In a seething lather that their authority was being challenged, the majority caucus of the CRC earlier this month abruptly rescheduled their final meeting and rewrote several of these amendments extensively, running roughshod over commissioners in the minority and, indeed, their own absent legal counsel. Through their impulse, the CRC undermined their authority as a process-directed review board and probably jeopardized the capacity of these amendments to withstand the scrutiny of the courts.
Particularly ill-advised and offensive are CRC proposals that attempt to impose through a county charter prior restrictions on future legislative action by councils, councils who derive their powers under the state constitution. The state Supreme Court has already and at length examined and rejected subordinate restrictions such as these. In essence, you cannot strip legislative powers granted by the state constitution without changing the state constitution itself.
Two amendments attempt to destroy the very power of the Council to propose or consider charter amendments, imposing not merely a supermajority requirement on Council action but one of unanimous verdict. Meanwhile, the CRC would continue to operate under the malevolent tyranny of simpletons in simple majorities.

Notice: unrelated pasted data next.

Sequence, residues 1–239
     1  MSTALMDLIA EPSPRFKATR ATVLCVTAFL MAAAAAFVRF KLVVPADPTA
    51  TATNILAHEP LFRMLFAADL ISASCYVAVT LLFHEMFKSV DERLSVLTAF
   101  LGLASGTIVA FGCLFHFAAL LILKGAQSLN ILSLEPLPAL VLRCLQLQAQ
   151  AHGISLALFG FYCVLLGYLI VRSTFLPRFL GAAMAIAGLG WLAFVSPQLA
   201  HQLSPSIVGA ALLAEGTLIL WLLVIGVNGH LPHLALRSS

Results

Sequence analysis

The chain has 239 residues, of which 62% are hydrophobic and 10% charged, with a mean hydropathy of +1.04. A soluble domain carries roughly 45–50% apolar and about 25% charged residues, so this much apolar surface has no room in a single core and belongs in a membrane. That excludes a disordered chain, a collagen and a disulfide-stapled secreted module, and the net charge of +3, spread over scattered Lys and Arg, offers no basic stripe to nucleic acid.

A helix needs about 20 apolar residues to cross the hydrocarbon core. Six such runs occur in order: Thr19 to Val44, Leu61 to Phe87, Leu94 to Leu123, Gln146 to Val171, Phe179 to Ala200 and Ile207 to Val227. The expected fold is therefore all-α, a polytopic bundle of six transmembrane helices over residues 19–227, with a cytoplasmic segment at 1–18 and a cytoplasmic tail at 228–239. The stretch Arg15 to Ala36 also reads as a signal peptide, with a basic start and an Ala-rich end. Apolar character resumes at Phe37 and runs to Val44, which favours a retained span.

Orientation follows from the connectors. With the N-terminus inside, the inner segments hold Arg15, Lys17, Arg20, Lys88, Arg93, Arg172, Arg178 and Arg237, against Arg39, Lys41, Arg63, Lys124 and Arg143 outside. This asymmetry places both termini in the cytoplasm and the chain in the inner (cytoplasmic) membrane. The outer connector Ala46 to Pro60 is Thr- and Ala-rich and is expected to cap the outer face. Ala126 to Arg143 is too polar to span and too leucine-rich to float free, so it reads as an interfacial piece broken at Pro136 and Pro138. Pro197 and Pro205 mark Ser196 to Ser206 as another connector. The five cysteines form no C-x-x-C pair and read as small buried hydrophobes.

Turnout for the 2014 election was among the lowest ever recorded for Whatcom County, according to Auditor Debbie Adelstein, and from this diminished subset of county voters came the “mandate” of the Charter Review Commission. Some CRC candidates who were elected were separated by a mere handful of votes from other candidates who were not elected. And from this obscure body we determine who gets to participate in our democracy, how our elected Council (elected by ten-fold more voters) should govern?
Can a county charter subordinate and overturn federal and state constitutional doctrine that forbids the delegation of legislative powers or function to other entities (e.g., the CRC) that the legislative power (Council) is constitutionally authorized to exercise itself? Can powers granted to county councils by the constitution be stripped away by poorly informed initiative?
Doubtful; but the more salient question is, why would you even want to try? If there is any matter dubious under the state constitution, it is the authority of charter review, not the established powers granted under Article XI to the legislative branch of county government.
“The architects of the County Charter saw the need for the Council to be able to propose amendments and gave us the responsibility to do so when needed,” Council member Rud Browne observed.
“If I had to even contemplate making any change to the system we have, it would be to consider making whatever gets on the ballot a supermajority vote of the commissioners,” Pete Kremen said, “because this is our constitution. And our constitution is not tinkered with lightly. Very, very seldom do we make changes to the United States Constitution. Well, our charter is our constitution. In order for us to make changes, they should be so compelling that there should be a supermajority of members of the commission in order for it to go to the voters.”